Iran’s Islamic Revolutionary Guard set to be proscribed as terror group

American Age Official
The Revolutionary Guard was founded as an ideological custodian of Iran’s 1979 revolution but has since morphed into a major military, political and economic force in the country - Morteza Nikoubazl/NurPhoto via Getty Images

The Revolutionary Guard was founded as an ideological custodian of Iran’s 1979 revolution but has since morphed into a major military, political and economic force in the country – Morteza Nikoubazl/NurPhoto via Getty Images

Iran’s Revolutionary Guard is set to be officially declared a terrorist group after 10 plots to kidnap or murder people in the UK last year, The Telegraph can reveal.

Tom Tugendhat, the security minister, and Suella Braverman, the Home Secretary, both support the move, which is expected to be announced within weeks.

Officials have been building the case against the Islamic Revolutionary Guard Corps (IRGC), with the security services understood to have shared intelligence.

Proscribing the group means it would become a criminal offence to belong to the IRGC, attend its meetings, carry its logo in public or encourage support of its activities.

It would put the body on a similar legal footing as Al-Qaeda, which perpetrated the Sep 11 2001 atrocities, and Isil, the Islamist jihadi group, showing how grave the threat is being treated inside Whitehall.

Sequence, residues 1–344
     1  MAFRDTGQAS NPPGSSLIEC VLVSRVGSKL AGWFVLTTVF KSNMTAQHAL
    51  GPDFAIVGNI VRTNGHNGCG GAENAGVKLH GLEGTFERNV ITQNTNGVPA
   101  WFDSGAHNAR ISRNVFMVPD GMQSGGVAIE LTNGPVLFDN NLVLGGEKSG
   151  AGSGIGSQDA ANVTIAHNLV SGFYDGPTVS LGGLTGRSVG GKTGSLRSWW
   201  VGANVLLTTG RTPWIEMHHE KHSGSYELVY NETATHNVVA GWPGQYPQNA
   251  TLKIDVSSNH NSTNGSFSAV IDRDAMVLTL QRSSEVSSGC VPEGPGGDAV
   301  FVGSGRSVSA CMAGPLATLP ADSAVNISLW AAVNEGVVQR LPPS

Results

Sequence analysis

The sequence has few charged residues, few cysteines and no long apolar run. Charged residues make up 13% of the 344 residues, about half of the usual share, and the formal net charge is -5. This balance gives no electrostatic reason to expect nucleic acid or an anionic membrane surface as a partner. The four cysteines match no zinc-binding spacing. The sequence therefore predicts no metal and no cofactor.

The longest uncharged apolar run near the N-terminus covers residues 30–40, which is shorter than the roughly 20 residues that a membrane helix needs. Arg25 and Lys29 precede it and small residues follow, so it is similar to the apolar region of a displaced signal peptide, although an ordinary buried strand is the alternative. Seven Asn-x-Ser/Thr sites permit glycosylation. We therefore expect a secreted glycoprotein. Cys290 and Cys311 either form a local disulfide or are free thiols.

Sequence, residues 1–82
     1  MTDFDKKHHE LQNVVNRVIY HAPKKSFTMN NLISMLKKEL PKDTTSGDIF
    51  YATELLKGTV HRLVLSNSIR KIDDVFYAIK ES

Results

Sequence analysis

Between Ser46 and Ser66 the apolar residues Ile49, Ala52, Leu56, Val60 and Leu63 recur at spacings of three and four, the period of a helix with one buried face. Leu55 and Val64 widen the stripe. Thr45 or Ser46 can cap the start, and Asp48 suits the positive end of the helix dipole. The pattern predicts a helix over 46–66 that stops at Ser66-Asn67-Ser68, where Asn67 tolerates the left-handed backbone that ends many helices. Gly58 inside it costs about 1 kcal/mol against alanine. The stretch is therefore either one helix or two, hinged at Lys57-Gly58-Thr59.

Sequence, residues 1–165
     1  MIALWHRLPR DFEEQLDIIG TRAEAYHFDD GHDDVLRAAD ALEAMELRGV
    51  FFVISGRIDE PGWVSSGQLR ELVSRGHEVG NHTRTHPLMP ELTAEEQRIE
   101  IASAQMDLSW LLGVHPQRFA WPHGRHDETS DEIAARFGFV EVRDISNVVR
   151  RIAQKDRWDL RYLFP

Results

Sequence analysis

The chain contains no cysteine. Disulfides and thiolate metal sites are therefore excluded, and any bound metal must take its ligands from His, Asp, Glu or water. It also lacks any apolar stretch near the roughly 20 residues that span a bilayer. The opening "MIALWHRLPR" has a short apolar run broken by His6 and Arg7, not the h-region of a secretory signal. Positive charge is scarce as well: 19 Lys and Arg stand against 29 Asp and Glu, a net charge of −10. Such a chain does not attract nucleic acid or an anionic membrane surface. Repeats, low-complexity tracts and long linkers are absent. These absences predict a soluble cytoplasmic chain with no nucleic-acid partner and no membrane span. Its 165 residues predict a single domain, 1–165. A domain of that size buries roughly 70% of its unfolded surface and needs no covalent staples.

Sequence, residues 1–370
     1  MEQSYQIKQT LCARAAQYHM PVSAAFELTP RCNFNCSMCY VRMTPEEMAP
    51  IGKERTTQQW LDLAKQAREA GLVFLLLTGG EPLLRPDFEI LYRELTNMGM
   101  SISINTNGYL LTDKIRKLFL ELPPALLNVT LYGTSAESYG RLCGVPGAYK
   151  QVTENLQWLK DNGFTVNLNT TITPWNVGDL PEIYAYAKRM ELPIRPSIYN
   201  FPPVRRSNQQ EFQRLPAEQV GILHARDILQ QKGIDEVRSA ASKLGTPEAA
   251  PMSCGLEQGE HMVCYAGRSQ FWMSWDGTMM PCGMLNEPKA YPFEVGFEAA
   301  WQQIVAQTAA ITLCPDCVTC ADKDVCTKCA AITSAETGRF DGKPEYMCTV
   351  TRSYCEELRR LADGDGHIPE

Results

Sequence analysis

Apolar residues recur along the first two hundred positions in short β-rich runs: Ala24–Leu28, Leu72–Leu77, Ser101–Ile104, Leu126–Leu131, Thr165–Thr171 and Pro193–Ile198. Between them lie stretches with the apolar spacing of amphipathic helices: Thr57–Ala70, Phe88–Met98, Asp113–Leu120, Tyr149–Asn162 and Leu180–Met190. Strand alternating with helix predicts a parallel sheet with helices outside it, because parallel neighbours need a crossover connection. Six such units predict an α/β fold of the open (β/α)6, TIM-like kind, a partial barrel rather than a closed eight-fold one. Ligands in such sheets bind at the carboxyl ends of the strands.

Similar steps have been taken by the US and Canada, two of the UK’s partners in the Five Eyes intelligence-sharing alliance, which also includes Australia and New Zealand.

It would mark a major hardening of Britain’s policy towards Tehran and could complicate attempts to secure a new deal to curb Iran’s pursuit of nuclear weapons, with talks having stalled.

Ken McCallum - Yui Mok/PAKen McCallum - Yui Mok/PA

Ken McCallum – Yui Mok/PA

Ken McCallum, the MI5 director general, highlighted the Iranian regime’s threats to the UK in a rare public speech last November that included detailing past plots.

He said: “Iran projects threat to the UK directly, through its aggressive intelligence services. At its sharpest, this includes ambitions to kidnap or even kill British or UK-based individuals perceived as enemies of the regime. We have seen at least 10 such potential threats since January alone.”

Last month, Mr Tugendhat, seen as a key driver of the designation change, said that Iran had continued plotting against British targets despite Mr McCallum’s speech.

Last November, a Farsi-language television station based in the UK claimed that an Iranian hit squad operating in London was deployed to murder two of its British-Iranian journalists.

In a statement, the channel accused the hardline IRGC of targeting the journalists, who were not named. Scotland Yard declined to comment.

The IRGC was founded as an ideological custodian of Iran’s 1979 revolution but has since morphed into a major military, political and economic force in the country.